HUD’s LocationAffordability.info, which maps CNT’s H+T Index ([housing + transportation costs]/income), shows a sharp affordability divide slicing across Maryland’s suburban heartland, from the northwest to the southeast. This particular example emerged while I was researching yesterday’s Streetsblog USA post about the Citizens Budget Commission’s report citing DC, SF, and NYC as being rather affordable from an H+T perspective — but using some slightly odd figures.
Here, I’ve highlighted Crofton, Maryland, just inside Anne Arundel County, with apparently more affordable Bowie just inside Prince George’s County next door. Curiously, though, costs are $700 higher in Bowie, but it’s still deemed “more affordable.” How? Prince George’s is within metropolitan Washington, where median households have incomes $10,000 higher than in metropolitan Baltimore, which includes Anne Arundel.
The added irony: median household incomes in Anne Arundel (again, metro Baltimore) are quite high: $14,000 higher than in Prince George’s. Similarly, Howard County (Clarksville, Columbia) is Maryland’s wealthiest, with median household incomes $12,000 higher than in neighboring Montgomery (Olney, Gaithersburg). Although Anne Arundel and Howard derive much of their income from their legions of Washington commuters, they do border Baltimore County and the Maryland state legislature has designated them as part of metro Baltimore. Thus, for the H+T Index’s purpose, they’re comparatively deprived.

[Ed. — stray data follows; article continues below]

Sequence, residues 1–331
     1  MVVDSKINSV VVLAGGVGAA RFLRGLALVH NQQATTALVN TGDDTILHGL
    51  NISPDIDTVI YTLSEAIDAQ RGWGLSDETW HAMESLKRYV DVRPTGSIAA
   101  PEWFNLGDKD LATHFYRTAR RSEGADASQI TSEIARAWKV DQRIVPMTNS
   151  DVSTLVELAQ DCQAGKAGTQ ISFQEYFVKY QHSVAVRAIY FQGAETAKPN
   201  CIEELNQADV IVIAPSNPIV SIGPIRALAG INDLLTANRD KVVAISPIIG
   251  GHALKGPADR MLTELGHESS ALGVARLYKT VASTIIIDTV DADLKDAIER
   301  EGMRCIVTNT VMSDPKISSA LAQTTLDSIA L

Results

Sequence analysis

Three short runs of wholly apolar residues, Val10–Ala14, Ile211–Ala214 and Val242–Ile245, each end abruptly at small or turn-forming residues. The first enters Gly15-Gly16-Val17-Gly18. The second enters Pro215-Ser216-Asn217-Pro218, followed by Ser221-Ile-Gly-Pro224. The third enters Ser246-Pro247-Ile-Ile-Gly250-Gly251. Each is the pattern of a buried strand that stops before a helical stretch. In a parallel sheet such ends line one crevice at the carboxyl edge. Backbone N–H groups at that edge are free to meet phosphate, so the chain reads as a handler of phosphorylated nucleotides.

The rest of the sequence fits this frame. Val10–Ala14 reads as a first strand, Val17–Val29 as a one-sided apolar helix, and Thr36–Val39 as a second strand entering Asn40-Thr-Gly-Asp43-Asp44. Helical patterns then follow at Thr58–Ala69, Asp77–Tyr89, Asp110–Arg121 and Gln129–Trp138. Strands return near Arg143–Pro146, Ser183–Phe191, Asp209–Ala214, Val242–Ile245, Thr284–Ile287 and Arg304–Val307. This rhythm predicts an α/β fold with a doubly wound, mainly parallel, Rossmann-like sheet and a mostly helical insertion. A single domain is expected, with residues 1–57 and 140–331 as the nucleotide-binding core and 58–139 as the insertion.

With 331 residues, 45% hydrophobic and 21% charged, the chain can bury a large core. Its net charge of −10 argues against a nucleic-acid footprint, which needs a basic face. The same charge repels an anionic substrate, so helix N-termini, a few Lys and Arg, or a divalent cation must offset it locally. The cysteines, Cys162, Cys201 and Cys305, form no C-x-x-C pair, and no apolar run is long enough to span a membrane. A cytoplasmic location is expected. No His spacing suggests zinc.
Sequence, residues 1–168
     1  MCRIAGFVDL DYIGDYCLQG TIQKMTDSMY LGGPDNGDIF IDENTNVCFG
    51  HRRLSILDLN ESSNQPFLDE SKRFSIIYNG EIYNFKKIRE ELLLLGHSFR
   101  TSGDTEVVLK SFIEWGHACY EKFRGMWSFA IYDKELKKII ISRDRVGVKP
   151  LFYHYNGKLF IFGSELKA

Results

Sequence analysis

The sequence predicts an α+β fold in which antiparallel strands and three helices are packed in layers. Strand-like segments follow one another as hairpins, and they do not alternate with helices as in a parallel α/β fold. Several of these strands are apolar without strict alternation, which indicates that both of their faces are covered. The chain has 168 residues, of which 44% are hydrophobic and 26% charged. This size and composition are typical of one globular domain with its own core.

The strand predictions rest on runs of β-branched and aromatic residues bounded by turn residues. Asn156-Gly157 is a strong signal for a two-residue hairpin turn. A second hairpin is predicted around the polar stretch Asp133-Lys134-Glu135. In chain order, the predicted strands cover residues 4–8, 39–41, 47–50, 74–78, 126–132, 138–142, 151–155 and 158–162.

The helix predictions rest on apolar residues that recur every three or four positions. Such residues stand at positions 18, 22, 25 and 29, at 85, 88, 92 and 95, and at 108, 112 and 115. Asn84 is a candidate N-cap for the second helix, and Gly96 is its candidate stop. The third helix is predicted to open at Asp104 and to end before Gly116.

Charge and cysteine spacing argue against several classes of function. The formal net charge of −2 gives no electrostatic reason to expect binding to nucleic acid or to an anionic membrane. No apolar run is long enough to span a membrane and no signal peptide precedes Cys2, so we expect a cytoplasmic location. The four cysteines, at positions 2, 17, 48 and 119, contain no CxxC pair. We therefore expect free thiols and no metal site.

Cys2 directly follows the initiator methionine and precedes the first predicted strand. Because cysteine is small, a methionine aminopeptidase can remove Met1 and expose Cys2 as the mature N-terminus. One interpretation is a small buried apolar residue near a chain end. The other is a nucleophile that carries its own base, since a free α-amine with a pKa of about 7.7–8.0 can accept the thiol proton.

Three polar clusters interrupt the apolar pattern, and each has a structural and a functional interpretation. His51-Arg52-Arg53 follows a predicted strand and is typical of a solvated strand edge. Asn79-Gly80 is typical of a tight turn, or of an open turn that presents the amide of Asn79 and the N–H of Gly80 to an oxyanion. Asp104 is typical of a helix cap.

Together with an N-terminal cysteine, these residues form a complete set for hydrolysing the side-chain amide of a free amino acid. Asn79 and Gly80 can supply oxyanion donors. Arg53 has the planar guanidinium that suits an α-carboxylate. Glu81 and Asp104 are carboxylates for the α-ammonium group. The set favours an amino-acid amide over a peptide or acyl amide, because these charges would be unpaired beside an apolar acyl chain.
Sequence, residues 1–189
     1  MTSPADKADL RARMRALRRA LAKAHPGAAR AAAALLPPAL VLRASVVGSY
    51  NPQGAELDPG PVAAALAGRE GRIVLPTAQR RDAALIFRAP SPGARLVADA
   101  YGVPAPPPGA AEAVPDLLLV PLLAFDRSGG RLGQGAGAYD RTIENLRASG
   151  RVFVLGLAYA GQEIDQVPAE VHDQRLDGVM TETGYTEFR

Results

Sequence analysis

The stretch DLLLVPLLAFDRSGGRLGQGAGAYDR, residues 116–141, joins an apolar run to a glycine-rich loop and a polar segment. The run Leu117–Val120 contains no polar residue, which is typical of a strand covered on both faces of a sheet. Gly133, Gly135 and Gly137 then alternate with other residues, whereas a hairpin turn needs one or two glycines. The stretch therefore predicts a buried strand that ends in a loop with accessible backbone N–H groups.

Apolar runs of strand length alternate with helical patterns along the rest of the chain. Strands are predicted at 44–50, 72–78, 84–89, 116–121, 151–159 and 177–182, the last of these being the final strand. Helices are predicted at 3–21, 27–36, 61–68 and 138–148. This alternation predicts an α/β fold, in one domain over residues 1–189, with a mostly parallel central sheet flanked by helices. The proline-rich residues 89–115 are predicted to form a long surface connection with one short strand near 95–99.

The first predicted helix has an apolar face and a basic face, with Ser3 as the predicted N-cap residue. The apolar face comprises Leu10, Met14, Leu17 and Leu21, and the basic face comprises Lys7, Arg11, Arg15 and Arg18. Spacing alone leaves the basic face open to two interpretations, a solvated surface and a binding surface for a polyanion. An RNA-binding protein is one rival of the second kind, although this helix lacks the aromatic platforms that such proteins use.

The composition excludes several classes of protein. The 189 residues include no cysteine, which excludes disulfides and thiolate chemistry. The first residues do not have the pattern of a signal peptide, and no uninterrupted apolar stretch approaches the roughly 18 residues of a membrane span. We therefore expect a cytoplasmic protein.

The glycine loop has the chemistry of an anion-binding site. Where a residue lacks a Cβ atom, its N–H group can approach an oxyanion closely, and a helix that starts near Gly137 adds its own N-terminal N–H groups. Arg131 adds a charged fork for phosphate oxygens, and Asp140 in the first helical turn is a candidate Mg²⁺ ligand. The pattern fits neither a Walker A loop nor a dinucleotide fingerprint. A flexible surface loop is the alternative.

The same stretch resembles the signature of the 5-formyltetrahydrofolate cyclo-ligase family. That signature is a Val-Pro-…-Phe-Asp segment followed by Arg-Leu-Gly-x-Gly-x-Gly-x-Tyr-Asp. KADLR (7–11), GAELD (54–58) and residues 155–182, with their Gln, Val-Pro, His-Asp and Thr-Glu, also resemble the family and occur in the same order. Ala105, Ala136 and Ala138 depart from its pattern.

The H+T Index is a useful tool, but it does rely on a lot of moving data points. In this case, it’s a bit strange that the numerator (H+T costs) are defined by a very small geography (census tracts in the map, cities in the CBC report), but the denominator (income) is related to entire metro areas. While it’s true that labor markets are metropolitan in scale, it’s also true that incomes vary locally just as much as housing and transportation costs do.